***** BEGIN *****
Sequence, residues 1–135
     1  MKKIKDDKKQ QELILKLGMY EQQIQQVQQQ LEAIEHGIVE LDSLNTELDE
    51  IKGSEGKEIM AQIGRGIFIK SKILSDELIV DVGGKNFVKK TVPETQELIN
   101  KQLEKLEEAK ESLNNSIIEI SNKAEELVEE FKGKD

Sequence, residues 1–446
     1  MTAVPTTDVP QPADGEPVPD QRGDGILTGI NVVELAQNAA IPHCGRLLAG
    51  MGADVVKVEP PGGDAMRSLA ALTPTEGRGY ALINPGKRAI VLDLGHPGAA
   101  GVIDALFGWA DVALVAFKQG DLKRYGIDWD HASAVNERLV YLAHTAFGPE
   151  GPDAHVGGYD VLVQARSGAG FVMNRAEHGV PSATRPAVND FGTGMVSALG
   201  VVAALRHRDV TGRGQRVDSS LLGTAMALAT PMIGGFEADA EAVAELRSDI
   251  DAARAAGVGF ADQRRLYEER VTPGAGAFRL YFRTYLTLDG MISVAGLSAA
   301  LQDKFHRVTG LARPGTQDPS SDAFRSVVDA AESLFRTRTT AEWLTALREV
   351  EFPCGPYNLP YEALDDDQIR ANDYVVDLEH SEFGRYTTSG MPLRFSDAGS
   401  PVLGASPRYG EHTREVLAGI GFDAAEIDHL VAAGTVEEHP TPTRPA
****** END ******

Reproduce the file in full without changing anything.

Sequence, residues 1–135
     1  MKKIKDDKKQ QELILKLGMY EQQIQQVQQQ LEAIEHGIVE LDSLNTELDE
    51  IKGSEGKEIM AQIGRGIFIK SKILSDELIV DVGGKNFVKK TVPETQELIN
   101  KQLEKLEEAK ESLNNSIIEI SNKAEELVEE FKGKD

Sequence, residues 1–446
     1  MTAVPTTDVP QPADGEPVPD QRGDGILTGI NVVELAQNAA IPHCGRLLAG
    51  MGADVVKVEP PGGDAMRSLA ALTPTEGRGY ALINPGKRAI VLDLGHPGAA
   101  GVIDALFGWA DVALVAFKQG DLKRYGIDWD HASAVNERLV YLAHTAFGPE
   151  GPDAHVGGYD VLVQARSGAG FVMNRAEHGV PSATRPAVND FGTGMVSALG
   201  VVAALRHRDV TGRGQRVDSS LLGTAMALAT PMIGGFEADA EAVAELRSDI
   251  DAARAAGVGF ADQRRLYEER VTPGAGAFRL YFRTYLTLDG MISVAGLSAA
   301  LQDKFHRVTG LARPGTQDPS SDAFRSVVDA AESLFRTRTT AEWLTALREV
   351  EFPCGPYNLP YEALDDDQIR ANDYVVDLEH SEFGRYTTSG MPLRFSDAGS
   401  PVLGASPRYG EHTREVLAGI GFDAAEIDHL VAAGTVEEHP TPTRPA